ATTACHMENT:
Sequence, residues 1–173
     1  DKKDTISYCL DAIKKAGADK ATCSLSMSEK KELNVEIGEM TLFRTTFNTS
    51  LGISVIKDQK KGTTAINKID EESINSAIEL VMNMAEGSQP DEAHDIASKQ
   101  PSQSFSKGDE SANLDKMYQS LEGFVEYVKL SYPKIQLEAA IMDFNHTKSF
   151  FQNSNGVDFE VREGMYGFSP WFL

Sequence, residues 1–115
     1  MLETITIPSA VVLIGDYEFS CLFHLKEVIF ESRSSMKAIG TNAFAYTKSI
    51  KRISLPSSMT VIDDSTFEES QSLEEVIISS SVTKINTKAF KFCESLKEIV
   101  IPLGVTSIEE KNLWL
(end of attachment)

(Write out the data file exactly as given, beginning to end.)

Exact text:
Sequence, residues 1–173
     1  DKKDTISYCL DAIKKAGADK ATCSLSMSEK KELNVEIGEM TLFRTTFNTS
    51  LGISVIKDQK KGTTAINKID EESINSAIEL VMNMAEGSQP DEAHDIASKQ
   101  PSQSFSKGDE SANLDKMYQS LEGFVEYVKL SYPKIQLEAA IMDFNHTKSF
   151  FQNSNGVDFE VREGMYGFSP WFL

Sequence, residues 1–115
     1  MLETITIPSA VVLIGDYEFS CLFHLKEVIF ESRSSMKAIG TNAFAYTKSI
    51  KRISLPSSMT VIDDSTFEES QSLEEVIISS SVTKINTKAF KFCESLKEIV
   101  IPLGVTSIEE KNLWL